[¶16] Great Plains argues the Department's decision should be reversed because the Department's findings of fact are not supported by the evidence. The Department determined Great Plains failed to document the diagnosis, medical necessity, and length of need within a combination of the prescription, the prior authorization, or the certification of medical necessity. Great Plains contends the Department incorrectly determined that Great Plains failed to properly document the diagnosis, medical necessity, and length of need in 38 of the 40 claims.
[¶17] The DME Manual provides the requirements for provider documentation of claims and states the following: "The diagnosis, medical necessity, and the projected length of need for a covered item must be included on the prescription, prior auth, or Certificate of Medical Necessity (CMN)." Great Plains gave three examples of patients whose records show each of these three elements. However, in each of the three examples, the diagnosis, medical necessity, and projected length of need are provided in various documents but are not provided in the documents outlined in the DME Manual. Great Plains admits that the DME Manual requires the information be documented on prescription, prior authorization, or certificate of medical necessity and that it provided the required information in non-compliant documents. The Department's findings that Great Plains failed to properly document the claims are therefore supported by the evidence.
[¶18] Great Plains argues the Department's decision should be reversed because the Department's review process did not comply with provisions of the AAPA.
[¶19] Section 50-24.1-24, N.D.C.C., provides the procedure for appeals of denial of payment to providers. A provider may request review of denial of payment; provide documents, written statements, exhibits, and other information to support the request for review; and "may contact the department for an informal conference regarding the review anytime before the department has issued its final decision." N.D.C.C. § 50-24.1-24. Section 50-24.1-24, N.D.C.C., also requires that the Department's final decision conform to the requirements of N.D.C.C. § 28-32-39, a provision of the AAPA.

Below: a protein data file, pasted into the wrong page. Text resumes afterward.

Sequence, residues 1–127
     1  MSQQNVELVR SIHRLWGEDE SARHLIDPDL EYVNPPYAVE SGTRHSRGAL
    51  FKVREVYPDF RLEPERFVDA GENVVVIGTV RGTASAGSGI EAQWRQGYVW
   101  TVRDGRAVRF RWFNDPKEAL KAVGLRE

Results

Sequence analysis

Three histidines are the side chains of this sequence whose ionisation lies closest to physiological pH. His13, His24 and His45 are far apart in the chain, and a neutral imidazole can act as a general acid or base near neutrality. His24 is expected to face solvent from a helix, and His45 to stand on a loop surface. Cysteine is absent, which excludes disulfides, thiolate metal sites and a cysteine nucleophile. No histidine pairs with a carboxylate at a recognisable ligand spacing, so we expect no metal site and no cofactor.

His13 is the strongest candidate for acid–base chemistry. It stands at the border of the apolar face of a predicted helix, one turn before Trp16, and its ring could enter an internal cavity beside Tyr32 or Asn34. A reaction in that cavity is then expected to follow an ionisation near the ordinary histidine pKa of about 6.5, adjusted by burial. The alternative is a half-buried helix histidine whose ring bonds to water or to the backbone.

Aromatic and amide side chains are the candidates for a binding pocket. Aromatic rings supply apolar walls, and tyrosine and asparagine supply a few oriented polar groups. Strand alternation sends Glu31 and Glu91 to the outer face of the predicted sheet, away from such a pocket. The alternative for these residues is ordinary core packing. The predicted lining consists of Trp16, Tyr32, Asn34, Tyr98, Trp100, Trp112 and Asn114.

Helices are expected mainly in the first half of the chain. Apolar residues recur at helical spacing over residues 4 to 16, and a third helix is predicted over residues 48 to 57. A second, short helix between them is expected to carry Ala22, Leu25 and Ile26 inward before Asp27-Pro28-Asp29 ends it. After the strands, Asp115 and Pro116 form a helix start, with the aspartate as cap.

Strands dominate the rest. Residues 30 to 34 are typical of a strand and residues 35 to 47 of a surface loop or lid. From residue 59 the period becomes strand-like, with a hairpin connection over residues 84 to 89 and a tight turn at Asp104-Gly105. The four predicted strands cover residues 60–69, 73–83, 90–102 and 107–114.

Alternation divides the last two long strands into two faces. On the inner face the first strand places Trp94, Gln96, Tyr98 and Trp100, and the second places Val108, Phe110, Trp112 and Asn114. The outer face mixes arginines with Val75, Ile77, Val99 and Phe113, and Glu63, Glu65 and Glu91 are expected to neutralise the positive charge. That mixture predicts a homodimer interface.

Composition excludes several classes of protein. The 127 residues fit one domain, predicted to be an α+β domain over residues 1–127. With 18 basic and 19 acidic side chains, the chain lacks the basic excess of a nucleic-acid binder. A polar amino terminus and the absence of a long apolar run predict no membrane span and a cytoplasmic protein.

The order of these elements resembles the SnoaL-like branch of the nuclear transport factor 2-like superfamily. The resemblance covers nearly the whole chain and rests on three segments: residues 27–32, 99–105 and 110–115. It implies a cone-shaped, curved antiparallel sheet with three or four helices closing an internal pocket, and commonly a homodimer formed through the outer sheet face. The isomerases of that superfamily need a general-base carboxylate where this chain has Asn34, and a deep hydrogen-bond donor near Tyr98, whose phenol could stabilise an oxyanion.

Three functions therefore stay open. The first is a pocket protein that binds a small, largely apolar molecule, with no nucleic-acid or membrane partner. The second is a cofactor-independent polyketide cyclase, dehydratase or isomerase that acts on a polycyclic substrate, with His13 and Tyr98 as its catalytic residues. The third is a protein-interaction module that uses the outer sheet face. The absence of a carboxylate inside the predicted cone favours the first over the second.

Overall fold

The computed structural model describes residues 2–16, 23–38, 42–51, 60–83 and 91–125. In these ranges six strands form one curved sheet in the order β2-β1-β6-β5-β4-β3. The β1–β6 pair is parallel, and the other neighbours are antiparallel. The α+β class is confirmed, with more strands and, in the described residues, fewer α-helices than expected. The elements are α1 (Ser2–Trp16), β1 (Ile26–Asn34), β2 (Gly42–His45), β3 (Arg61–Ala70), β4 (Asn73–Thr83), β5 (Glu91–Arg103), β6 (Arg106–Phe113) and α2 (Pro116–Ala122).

[¶20] Great Plains contends the Department did not comply with adjudicative procedural requirements of the AAPA. Great Plains claims application of the AAPA would have allowed it to participate in a trial-like hearing with an opportunity to respond, conduct cross-examination, and submit rebuttal evidence. Great Plains argues that the reference to N.D.C.C. § 28-32-39 within N.D.C.C. § 50-24.1-24 incorporates the provisions of the AAPA related to administrative adjudicative proceedings to these proceedings and requires a process similar to a trial.
[¶21] We have previously addressed the interplay between the provisions of the AAPA and other statutes providing a procedure for administrative review. See, e.g., Landsiedel v. Dir., N.D. Dep't of Transp., 2009 ND 196, ¶ 13, 774 N.W.2d 645. In Landsiedel we addressed the AAPA's permissive use of telephonic hearings and a specific prohibition about telephonic hearings provided in the statutory provisions governing Department of Transportation hearings and noted the following: